Table 2
Distribution of tri-, tetra-, penta- and sex- nucleotide SSR loci in the chloroplast genome of U. flexuosa.
Table 3
Distributions of SSRs in the 11 chloroplast genomes belonging to Ulvophyceae.

Using Tandem Repeats Finder, five repeats were detected in the U. flexuosa chloroplast genome. All of these repeats were between 10 and 15 bp in length. The intergenic spacers between rpoC2 and rrs, psbB and psbC possessed two copies of the longest tandem repeats, respectively (15 bp). Most of the repeated sequences were located in the intergenic spacer besides one repeat which was located among coding sequences of rpoC2 (Table 4).

Table 4
Repeat sequences identified in the chloroplast genome of U. flexuosa.

Two forward repeats were identified using REPuter with a size cutoff of 30 bp, which were between trnE and trnM (31 bp), rpl32 and chlI (30 bp) (Table 4).

Phylogenomic analyses

To determine the phylogenetic position of U. flexuosa in Chlorophyta, 67 complete chloroplast genome sequences were obtained from the Genebank database, which belonged to Chlorophyceae (28), Trebouxiophyceae (17), Ulvophyceae (10), Prasinophytes (7), Pedinophyceae (2), Chlorophyta incertae sedis (2) and Bangiophyceae (1) respectively. The number shown in the parenthesis represents the number of species in the corresponding clade. To conduct phylogenetic analysis, we extracted 24 protein sequences, which were present among all the 68 chloroplast genomes. After alignment there were a total of 21534 positions in the final dataset. The phylogenetic tree showed that U. flexuosa and U. linza gathered into a cluster (Fig 5, S3 Fig).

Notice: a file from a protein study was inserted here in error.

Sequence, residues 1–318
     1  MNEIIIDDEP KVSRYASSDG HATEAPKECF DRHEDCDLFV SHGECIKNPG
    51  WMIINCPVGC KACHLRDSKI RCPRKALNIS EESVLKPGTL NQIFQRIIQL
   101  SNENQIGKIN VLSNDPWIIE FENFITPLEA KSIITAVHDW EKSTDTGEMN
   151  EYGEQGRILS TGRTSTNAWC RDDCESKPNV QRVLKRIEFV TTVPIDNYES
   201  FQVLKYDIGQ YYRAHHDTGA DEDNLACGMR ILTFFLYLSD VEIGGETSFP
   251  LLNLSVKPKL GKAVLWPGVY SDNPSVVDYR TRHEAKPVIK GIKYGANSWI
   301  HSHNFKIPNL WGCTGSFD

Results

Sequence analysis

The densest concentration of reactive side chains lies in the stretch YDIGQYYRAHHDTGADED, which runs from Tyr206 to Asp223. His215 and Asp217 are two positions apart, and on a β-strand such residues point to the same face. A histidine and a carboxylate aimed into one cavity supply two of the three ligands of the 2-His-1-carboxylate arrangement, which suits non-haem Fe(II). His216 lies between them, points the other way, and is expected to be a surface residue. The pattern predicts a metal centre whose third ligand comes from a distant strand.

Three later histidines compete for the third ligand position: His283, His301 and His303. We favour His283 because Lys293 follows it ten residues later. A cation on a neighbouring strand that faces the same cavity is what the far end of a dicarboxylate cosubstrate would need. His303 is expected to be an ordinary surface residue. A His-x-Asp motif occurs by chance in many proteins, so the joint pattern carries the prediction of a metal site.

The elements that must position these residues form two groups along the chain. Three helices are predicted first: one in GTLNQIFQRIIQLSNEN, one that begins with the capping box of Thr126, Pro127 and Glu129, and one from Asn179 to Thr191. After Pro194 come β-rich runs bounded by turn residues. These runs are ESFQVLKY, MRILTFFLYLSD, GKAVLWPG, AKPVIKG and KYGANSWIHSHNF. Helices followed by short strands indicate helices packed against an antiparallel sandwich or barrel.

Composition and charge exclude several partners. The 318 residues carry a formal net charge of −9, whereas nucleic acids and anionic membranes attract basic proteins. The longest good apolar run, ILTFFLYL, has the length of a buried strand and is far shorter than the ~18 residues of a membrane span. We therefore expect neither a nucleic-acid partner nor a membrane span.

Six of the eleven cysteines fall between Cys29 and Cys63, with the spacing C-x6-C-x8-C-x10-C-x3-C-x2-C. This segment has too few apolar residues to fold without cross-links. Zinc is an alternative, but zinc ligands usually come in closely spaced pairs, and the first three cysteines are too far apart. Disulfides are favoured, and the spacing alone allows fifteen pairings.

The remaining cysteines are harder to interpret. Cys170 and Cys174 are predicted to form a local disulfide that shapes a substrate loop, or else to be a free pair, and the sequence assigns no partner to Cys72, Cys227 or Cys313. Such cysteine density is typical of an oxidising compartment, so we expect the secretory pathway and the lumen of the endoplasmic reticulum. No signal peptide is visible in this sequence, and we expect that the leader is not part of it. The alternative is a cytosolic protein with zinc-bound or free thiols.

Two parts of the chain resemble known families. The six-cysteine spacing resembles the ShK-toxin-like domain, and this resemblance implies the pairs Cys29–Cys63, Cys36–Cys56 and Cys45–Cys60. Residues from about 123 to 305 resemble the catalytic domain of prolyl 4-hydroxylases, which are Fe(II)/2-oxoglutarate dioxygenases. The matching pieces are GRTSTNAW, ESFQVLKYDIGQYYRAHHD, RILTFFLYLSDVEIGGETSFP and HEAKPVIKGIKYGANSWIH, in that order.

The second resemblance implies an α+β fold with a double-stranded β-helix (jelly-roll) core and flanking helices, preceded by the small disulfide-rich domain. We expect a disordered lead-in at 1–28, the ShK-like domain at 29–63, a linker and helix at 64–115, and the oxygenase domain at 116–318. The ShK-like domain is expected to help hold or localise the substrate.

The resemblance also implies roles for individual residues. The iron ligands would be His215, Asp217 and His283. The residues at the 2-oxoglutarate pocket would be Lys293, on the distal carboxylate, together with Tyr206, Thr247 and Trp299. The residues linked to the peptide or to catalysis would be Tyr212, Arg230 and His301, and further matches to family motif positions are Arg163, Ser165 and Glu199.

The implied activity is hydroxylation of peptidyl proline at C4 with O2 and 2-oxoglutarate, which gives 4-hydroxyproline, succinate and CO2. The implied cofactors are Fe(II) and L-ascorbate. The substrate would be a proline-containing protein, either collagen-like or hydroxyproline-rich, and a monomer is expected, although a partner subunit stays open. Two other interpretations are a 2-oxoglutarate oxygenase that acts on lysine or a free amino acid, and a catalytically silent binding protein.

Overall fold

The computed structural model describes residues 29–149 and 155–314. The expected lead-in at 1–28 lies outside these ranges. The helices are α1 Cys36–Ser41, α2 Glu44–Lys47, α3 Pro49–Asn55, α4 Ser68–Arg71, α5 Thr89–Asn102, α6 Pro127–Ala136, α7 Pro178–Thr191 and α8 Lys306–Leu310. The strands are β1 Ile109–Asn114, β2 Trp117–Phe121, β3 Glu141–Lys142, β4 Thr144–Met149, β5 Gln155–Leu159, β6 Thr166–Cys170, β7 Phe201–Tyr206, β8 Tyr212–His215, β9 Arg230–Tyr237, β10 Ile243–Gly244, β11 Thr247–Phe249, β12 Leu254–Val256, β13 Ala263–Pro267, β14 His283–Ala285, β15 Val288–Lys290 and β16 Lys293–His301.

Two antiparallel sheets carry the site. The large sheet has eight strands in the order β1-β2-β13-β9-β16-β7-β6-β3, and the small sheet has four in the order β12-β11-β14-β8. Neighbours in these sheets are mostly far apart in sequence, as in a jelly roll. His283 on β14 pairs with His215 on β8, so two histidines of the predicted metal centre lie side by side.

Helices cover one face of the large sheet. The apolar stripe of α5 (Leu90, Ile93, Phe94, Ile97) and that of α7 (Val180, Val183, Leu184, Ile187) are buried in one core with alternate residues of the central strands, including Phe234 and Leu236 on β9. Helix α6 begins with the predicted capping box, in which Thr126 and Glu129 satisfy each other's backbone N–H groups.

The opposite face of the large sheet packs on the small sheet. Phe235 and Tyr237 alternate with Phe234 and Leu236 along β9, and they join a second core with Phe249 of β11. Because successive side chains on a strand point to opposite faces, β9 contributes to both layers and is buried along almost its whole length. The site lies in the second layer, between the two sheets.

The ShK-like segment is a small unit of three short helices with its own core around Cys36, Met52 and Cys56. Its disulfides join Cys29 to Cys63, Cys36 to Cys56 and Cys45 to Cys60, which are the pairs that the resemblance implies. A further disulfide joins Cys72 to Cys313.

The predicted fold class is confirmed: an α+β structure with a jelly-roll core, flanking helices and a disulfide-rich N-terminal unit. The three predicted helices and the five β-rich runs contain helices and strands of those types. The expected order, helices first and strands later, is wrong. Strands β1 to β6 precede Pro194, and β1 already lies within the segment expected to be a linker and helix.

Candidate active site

Fig 5
Bayesian 50% majority rule consensus tree based on 24 nucleotide sequences of 68 strains representing the Chlorophyta.

Rearrangements in the Chlorophyte cpDNA

Genome rearrangement analysis for the ten cpDNAs Mauve alignment from Ulvophyceae showed there was no significant difference in genomes rearrangement within Ulva spp. (Fig 6). However, the organellar genomes out of Ulva spp. across Ulvophyceae were highly rearranged comparing to U. flexuosa.

Fig 6
Mauve alignments of U. flexuosa cpDNA (top of alignment) with those of 9 chlorophytes.

Genome synteny analysis